UBC Theses and Dissertations

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UBC Theses and Dissertations

ISIS threat to India : how should India respond? Arun, Asim Kumar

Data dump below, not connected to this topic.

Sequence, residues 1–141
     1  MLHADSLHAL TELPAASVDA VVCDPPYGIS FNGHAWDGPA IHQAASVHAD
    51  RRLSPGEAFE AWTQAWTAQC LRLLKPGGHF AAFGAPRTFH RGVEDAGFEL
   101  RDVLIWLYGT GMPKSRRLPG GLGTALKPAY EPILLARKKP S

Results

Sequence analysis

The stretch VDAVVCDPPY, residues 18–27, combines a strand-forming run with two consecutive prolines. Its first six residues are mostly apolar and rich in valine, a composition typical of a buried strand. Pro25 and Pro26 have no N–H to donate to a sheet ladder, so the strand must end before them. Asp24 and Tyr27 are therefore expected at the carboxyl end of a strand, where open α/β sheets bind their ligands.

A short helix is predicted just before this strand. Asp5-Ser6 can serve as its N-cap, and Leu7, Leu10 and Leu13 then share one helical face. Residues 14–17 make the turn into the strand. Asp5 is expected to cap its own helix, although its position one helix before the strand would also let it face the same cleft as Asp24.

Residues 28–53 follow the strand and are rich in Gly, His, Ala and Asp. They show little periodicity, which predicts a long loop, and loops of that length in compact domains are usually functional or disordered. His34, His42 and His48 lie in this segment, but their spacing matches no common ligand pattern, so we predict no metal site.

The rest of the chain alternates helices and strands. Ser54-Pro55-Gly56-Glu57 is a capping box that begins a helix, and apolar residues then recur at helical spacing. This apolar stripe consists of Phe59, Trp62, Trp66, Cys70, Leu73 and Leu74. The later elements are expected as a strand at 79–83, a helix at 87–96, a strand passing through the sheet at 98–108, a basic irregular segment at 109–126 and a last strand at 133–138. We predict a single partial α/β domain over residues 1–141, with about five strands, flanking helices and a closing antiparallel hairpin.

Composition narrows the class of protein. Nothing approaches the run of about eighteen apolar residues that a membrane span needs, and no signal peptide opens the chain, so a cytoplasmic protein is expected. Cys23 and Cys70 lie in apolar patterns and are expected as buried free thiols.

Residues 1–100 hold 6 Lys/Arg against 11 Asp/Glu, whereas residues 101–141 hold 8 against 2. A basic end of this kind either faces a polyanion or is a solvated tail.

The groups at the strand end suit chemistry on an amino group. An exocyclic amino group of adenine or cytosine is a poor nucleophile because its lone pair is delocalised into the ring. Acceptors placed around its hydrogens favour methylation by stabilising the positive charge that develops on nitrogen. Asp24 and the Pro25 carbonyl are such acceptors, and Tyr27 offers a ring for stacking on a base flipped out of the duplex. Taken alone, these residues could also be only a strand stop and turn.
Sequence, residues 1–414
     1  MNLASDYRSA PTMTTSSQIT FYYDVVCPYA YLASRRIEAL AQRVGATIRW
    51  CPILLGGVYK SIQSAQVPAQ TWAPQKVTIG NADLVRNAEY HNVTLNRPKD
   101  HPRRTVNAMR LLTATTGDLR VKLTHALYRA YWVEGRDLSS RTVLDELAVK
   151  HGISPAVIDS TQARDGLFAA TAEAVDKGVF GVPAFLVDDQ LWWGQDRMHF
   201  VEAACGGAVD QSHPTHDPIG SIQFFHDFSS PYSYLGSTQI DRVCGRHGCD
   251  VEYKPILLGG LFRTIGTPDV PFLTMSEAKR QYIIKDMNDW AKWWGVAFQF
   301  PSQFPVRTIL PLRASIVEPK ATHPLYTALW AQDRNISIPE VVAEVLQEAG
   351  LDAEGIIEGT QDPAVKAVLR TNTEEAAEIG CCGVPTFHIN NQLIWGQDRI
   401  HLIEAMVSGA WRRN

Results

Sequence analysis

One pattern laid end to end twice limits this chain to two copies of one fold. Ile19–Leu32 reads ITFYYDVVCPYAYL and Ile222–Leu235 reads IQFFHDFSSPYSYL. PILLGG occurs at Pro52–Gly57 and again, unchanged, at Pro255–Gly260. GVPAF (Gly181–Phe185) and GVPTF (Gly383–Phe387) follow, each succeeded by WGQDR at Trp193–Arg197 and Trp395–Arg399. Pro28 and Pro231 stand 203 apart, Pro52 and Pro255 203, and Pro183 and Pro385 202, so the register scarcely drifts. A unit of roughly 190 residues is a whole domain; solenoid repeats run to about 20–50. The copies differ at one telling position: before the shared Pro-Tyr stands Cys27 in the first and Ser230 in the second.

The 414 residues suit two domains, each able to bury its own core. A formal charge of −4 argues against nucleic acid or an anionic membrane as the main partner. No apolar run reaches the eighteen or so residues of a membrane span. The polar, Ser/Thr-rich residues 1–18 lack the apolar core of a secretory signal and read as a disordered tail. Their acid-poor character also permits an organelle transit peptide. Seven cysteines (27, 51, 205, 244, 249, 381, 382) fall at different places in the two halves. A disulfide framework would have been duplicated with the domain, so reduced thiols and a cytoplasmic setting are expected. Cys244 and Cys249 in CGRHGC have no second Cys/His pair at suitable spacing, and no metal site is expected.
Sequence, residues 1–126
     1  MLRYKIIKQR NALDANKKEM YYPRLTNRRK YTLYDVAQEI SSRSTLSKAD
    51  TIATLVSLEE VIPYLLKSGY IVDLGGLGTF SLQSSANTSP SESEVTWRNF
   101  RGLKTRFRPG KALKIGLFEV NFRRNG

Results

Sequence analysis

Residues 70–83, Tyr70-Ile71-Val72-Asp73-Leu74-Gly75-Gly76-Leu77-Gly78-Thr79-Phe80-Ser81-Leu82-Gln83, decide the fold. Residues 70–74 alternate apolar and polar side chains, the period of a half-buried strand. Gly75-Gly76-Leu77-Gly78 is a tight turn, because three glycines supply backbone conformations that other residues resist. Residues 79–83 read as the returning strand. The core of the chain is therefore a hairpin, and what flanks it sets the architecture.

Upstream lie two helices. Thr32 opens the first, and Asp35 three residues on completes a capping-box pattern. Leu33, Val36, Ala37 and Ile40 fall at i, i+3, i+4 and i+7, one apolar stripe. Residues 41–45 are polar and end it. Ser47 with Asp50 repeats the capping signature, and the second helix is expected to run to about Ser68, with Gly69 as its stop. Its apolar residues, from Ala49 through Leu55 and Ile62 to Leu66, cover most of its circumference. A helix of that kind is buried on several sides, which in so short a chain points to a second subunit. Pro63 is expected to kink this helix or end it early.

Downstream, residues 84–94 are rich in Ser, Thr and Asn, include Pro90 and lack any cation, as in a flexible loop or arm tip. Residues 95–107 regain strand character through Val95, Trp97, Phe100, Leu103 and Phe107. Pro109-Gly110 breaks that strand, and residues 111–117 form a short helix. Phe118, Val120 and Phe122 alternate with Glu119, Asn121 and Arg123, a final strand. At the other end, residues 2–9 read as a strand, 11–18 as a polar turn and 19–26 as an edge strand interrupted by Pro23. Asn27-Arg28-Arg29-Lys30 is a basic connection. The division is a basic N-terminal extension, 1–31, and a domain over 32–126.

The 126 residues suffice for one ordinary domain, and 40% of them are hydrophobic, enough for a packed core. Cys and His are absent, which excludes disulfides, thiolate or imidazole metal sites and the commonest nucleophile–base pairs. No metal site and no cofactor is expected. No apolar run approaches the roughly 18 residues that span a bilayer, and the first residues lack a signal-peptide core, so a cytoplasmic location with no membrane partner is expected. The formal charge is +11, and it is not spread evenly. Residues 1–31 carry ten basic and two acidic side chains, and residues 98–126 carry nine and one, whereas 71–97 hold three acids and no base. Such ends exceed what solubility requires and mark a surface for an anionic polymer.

This thesis traces the evolution of the Islamic State of Iraq and Syria (ISIS) and its present geopolitical extent and identifies the major trends and strategic directions. It examines the official pronouncements about its intentions regarding India and analyses the threat and proposes a policy prescription. Today’s terrorist organizations, including ISIS, publish online magazines and videos stating their policies, strategies and, tactics. These original voices were studied to understand them. The US invasion of Iraq (2003) and the subsequent failure in creating a “democratic government” acceptable to the powerful Sunni minority led to strife and sectarian violence. Radical Islamists and leftover elements of Saddam Hussain’s military got together and created large scale insurgency eventually leading to the declaration of a “Caliphate” calling out to all the Muslims in the world to accept it and join the effort to extend it. Less than 30 Indians as compared to a total of 25,000 are known to have migrated to ISIS area. Even with all its aberrations, India’s resilience as a syncretic and inclusive society renders hijrat (migration) an unattractive option. But coming together of radicalized youth into a small terror modules and striking nearer home is a real and probable threat. To protect itself, India should follow policies that integrate its Muslim community into the social mainstream. To prevent its people from getting radicalized through exposure to ISIS propaganda, the counter radicalization effort needs to be strengthened. The few persons who are known to have been radicalized but have not undertaken any kind of violence could be considered for softer deradicalization methods. By involving their family, friends and, community it is possible to bring these people back into normal domestic life. Attacks can still happen and the capability to deal with them must be enhanced by creating interdiction capabilities at the state and district levels. Finally, international terror requires measures across countries for which mechanisms for international cooperation must be created so that information, intelligence and, evidence flow seamlessly.

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